Alternatives rising


    Globally, assets under management in alternative classifications covering retail – oriented mutual funds and ETFs, including Ucits – are $522bn (£341bn) as at the end of quarter one 2013. As we stand today the US and European region, including the UK, have 92 per cent of those alternative assets domiciled in their regions at approximately $190bn (£124bn) and $290bn (£124bn), respectively. Asian markets have not seen the pickup in alternatives adoption as yet, but they are certainly exhibiting innovation in pursuit of income, as seen with products such as double and triple-decker funds. So the seeds have been sown and the view from researchers in the regions is that growth in these products is on the up.

    Since the bottom of the crisis four years ago in March 2009, assets in alternatives have swelled from $199bn (£130bn) – a compound annual growth rate of nearly 28 per cent. Approximately $45bn (£29bn) of inflows to alternatives have taken place so far this year alone. That said, it is a number coming off a staggering low that resulted from a run to the exits following the financial crisis.

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    Back in March 2008 the figure in alternatives stood at $309bn (£202bn), which results in a much more tepid compound annual growth rate of 11 per cent. Amazing how different those numbers can be, but one must consider the immense shock to all risky asset classes during that time – a shock from which active equity products in particular are only recently showing signs of emerging. In fact, given the flow performance of active equities – one of the primary revenue-driving product lines in the industry – the emergence and relative resilience of alternative products has provided a much-needed boost to help sustain many business models.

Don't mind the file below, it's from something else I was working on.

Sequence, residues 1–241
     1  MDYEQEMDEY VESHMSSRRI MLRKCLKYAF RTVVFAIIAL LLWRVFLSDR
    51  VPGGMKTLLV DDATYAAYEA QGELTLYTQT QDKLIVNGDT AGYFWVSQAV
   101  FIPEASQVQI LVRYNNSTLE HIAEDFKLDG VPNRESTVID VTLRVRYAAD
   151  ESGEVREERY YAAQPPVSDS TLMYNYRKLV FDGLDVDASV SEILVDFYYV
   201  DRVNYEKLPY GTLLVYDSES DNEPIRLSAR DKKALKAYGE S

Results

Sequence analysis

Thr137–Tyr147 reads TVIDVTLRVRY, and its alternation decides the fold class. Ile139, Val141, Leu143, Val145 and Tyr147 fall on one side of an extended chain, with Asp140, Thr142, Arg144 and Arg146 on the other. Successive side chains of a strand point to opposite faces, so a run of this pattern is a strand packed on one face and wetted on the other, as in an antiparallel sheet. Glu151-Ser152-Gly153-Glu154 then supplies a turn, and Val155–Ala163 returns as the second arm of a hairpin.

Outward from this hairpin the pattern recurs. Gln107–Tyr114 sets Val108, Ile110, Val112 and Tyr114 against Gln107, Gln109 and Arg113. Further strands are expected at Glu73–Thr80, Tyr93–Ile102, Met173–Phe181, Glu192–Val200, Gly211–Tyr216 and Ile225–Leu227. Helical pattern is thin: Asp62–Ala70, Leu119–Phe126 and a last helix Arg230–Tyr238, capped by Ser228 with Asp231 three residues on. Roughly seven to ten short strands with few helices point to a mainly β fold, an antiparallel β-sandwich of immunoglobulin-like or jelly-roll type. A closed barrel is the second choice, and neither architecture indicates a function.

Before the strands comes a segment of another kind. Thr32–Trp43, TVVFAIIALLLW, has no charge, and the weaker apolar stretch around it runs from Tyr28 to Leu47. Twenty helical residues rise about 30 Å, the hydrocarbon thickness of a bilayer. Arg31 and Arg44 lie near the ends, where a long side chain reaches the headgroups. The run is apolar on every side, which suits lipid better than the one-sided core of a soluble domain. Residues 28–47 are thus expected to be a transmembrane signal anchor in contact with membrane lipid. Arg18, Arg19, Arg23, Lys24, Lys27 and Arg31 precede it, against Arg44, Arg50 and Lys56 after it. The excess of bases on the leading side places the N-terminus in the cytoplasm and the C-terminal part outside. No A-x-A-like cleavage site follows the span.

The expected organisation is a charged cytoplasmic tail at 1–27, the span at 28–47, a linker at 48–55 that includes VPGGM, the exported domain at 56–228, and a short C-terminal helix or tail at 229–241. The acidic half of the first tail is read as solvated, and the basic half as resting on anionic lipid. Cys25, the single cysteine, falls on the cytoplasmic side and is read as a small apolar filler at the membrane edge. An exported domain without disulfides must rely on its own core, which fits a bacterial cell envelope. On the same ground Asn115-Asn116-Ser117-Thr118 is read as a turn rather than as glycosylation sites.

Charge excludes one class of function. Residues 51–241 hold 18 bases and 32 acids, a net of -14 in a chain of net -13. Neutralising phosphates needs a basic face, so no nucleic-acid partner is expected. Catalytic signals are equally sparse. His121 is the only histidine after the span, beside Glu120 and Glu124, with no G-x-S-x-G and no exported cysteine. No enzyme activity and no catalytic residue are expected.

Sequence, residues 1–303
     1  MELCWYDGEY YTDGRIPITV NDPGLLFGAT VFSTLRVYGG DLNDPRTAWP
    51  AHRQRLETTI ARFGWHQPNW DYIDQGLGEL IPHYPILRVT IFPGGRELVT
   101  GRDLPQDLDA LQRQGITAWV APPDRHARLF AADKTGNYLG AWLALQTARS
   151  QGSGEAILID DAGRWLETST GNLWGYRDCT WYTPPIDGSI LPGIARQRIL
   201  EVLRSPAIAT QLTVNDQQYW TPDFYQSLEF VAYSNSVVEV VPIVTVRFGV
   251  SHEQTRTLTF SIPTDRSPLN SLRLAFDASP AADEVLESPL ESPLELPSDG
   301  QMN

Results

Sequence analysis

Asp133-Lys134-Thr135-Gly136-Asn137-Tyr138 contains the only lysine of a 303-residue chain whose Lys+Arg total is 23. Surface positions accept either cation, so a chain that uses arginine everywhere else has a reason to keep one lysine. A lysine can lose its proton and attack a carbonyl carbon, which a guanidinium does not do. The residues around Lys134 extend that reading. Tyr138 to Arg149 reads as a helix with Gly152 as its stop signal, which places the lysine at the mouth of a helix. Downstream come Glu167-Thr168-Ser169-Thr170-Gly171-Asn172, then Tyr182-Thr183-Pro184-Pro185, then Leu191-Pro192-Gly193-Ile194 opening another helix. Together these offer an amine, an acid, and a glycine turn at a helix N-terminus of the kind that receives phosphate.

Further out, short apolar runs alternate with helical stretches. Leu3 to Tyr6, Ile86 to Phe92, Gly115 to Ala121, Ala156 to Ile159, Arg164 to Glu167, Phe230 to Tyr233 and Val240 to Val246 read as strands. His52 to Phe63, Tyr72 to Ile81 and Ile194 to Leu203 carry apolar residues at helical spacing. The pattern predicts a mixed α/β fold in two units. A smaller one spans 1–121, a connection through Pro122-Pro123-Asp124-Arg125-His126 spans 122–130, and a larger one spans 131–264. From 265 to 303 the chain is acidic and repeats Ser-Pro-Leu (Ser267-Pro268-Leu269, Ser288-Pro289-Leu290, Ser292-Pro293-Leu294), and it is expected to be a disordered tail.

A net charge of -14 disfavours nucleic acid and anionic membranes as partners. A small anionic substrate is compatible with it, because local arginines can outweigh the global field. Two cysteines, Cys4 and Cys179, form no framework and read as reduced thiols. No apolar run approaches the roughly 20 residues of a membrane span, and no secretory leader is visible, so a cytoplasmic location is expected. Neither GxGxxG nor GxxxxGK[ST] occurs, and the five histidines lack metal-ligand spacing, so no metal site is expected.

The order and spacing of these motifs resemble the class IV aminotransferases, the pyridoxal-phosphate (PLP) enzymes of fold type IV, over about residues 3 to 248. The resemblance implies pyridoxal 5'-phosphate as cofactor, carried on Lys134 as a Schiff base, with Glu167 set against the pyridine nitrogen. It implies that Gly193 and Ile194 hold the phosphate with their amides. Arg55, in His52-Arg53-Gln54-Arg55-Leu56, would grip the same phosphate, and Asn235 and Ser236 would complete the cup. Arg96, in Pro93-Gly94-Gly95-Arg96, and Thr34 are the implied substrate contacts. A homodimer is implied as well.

Looking at the individual product strategies, the clear star early in the alternatives story has been absolute return funds. In this post-financial crisis era, with low interest rates, high risk anxiety and demand for low-risk, high income-generating products, many of the absolute return strategies offered in the market seem to fit the bill. Indeed when the other distinct alternative strategies – global macro, market neutral, event-driven, long-short – are stripped from the numbers, absolute return has maintained a fairly consistent level of two-thirds of the total assets under management dating back to the 2008 pre-crisis numbers.

    The lower-risk absolute return strategies denominated in dollars and euros have $76bn (£50bn) and $50bn (£33bn), respectively, and consumed nearly 40 per cent of the total $330bn (£216bn) invested in absolute return strategies through quarter one of 2013. Only market-neutral strategies at $40bn (£26bn) of assets under management manage to muscle their way into the dominant numbers attained by absolute return products.